Communicable disease plans will, however, be required.

“Again, we have learned a lot, this virus does not transmit as well outside, particularly in the summer months,” she said.

“And we know that we can have larger gatherings together safely outside.”

For outdoor gatherings, 5,000 people will be the limit.

So if a venue can hold up to 5,000 people you can have 100% capacity. Above 5,000 people, that capacity will be 50%.

“Again, just to give us some time to adjust to having large numbers of people together,” she said. “Indoor wedding ceremonies and events, again, will be very similar to the indoor gatherings.”

For outdoor events like fairs and festivals and even some of the large trade shows, they can return to normal.

“These are events … we are calling flow through events where people can move away from others and keep their distance,” she said. “It's not like being seated right next to somebody or in an enclosed space.”

Again, a communicable disease plan will be required.

Finally, Dr. Henry said, restrictions on religious worship services have been lifted.

“We will be moving again to the guidance that we have created together to serve our faith communities to come back together,” she said.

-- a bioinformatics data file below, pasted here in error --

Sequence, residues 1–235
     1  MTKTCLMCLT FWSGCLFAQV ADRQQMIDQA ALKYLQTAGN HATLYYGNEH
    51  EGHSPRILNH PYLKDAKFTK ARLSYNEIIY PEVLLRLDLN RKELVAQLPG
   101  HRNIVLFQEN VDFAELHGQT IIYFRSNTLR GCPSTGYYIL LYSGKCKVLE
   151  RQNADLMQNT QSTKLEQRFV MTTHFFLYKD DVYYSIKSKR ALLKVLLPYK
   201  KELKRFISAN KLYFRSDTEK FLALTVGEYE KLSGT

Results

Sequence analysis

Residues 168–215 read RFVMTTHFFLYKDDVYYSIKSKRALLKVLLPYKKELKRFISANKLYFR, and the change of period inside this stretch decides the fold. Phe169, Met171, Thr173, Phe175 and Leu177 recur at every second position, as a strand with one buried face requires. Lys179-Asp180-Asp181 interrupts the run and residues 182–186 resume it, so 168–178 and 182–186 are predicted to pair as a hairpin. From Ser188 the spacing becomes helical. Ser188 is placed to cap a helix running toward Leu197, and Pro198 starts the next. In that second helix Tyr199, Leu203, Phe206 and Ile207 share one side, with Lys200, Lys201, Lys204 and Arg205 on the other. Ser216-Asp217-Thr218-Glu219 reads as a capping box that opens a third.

Also they are removing most of the restrictions in restaurants and bars, bars and pubs.

“So you can determine how many people sit at a table, we're returning to normal liquor, liquor service hours,” she said. “But we still need to have some measures in place in these inside environments. So for now, there's not going to be that socializing between tables and making sure we still have barriers in place where it's where it protects people.”

Also offices and workplaces will continue a gradual return to work.


To contact a reporter for this story, email Kathy Michaels or call 250-718-0428 or email the editor. You can also submit photos, videos or news tips to the newsroom and be entered to win a monthly prize draw.